Messiah is going to come. A new world is going to be born. Utopia will come to earth. The Kingdom of God will prevail.

And when our Lord prayed that prayer, "Thy kingdom come, Thy will be done on earth as it is in heaven," that prayer has never been answered, but it is going to be answered. Messiah will come.

Until that time we are to work for peace and we are to work on all the problems, but at best, we can only patch and help and promote peace and justice in the world, but that perfect peace and that perfect justice awaits that day when we will have a perfect world ruler, the Messiah that both the Jew and the Christian looks forward to coming. It is in all of our creeds and we need to get locked into that eternal view of history.

I was in Nagaland a few weeks ago, high up on the Northeast corner of India, and people said, "Why do you go to that far-off place?" Well, I went there because there are more Baptists in Nagaland than in any other part of the world, including Texas. Seventy percent of the entire population of that state are Baptists.

So I was invited to go and I was the first American to go there in eight years - that is, American clergyman.

They have a cemetery there that they proudly show you. These are tribal people; they are marvelous people, a strong people, and they stopped, with the help of the Allies, the advance of the enemy in World War II.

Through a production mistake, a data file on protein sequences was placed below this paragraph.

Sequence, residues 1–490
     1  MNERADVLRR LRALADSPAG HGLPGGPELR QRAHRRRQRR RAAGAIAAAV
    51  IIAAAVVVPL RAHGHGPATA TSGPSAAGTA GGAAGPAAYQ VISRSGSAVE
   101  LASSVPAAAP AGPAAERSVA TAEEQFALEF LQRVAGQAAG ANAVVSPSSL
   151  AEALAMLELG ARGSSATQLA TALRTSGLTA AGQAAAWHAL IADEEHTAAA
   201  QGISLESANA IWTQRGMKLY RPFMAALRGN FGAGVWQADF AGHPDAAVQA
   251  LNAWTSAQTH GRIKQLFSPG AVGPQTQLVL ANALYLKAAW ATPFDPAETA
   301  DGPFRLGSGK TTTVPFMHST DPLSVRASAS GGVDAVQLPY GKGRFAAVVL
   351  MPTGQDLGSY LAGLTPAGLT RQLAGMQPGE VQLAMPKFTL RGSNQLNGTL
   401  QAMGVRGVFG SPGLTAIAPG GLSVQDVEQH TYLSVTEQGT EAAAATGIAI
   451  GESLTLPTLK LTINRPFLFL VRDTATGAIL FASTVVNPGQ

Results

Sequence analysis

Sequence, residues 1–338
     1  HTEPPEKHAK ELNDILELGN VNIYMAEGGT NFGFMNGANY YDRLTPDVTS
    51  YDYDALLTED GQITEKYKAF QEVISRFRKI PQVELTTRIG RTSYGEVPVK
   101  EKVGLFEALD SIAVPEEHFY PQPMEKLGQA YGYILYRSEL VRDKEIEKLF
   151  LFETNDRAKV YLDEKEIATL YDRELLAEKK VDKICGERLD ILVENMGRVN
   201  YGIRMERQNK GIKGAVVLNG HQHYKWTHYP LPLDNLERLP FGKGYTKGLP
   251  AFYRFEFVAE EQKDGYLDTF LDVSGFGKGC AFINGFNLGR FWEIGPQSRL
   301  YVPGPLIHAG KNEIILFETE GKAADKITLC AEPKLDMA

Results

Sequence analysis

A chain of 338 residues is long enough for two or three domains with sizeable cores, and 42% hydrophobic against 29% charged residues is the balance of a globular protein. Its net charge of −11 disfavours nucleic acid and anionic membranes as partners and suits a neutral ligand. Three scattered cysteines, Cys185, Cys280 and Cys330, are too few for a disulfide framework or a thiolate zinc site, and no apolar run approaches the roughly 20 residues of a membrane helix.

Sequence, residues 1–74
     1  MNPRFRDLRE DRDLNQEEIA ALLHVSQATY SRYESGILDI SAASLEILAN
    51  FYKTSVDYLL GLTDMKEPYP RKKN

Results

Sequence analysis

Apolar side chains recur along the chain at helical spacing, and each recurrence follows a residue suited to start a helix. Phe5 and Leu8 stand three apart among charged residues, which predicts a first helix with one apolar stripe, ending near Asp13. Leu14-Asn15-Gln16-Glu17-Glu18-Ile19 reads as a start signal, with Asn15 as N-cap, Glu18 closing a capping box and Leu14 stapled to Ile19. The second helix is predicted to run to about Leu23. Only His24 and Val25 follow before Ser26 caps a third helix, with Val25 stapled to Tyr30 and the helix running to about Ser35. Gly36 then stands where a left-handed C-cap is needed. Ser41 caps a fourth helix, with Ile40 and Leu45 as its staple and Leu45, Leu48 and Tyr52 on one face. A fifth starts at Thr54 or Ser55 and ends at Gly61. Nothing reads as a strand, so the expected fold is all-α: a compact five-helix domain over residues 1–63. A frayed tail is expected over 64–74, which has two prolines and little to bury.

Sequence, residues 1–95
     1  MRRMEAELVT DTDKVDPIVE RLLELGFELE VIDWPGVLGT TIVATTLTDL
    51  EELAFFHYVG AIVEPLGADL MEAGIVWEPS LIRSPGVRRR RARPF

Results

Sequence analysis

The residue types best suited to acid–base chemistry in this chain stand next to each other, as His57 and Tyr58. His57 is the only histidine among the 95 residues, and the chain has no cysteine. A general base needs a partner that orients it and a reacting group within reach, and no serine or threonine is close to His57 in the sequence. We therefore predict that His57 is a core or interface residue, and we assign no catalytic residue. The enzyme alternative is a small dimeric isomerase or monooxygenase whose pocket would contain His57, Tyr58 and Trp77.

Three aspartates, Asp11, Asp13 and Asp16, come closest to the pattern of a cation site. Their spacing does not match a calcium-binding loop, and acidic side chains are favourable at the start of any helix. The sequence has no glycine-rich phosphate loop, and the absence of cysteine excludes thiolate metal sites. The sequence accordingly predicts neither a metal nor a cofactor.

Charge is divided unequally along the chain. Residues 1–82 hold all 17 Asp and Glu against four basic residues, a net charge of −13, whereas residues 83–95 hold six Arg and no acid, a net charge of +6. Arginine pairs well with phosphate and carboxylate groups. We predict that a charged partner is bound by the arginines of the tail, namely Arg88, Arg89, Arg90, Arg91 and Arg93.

They have a cemetery there where they proudly show you Hindu, Moslem, Jews, Christians, who died in the battle for Kohima. And there is a saying that they have carved in the stone. It says, "When you go, tell them about us. We gave our today for their tomorrow." "We gave our today for their tomorrow." The people in this room, many of you, the President, the Vice President, the Leaders, you are giving your today so that our children and grandchildren can have a tomorrow.

In the little booklet that was given us with the program, President Nixon said on November 7, on election night, "I would hope that in these next four years we can so conduct ourselves in this country and so meet our responsibilities in building peace in the world that years from now people will look to the generation of the 70s and how we conducted ourselves and they will say, 'God bless America!' "

As we give our today for our children's tomorrow, I say, God bless America, God bless the President and his family, and the Vice President and his family, and the Leaders of our Government."

Sir, yesterday you, asked for our prayers, and I can assure you that millions of people all over the world, of many faiths, are praying for you in the next four years.

Shall we pray.

Our Father, we pray for every American throughout the world at this moment as their eyes and their thoughts are here. And we pray that during the next four years we will see the culmination in 1976 of all the dreams and all the aspirations that those so long ago dreamed of when they wrote the Declaration of Independence and the Constitution and fought and died and gave their today that we might have a tomorrow.

In the name of Jesus Christ our Lord, Amen.

(Text from the Billy Graham Center Archives Clipping File, January 1973 folder)
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Last Revised: 1/11/05
Last Revised: 1/5/05
Expiration: indefinite

Wheaton College 2005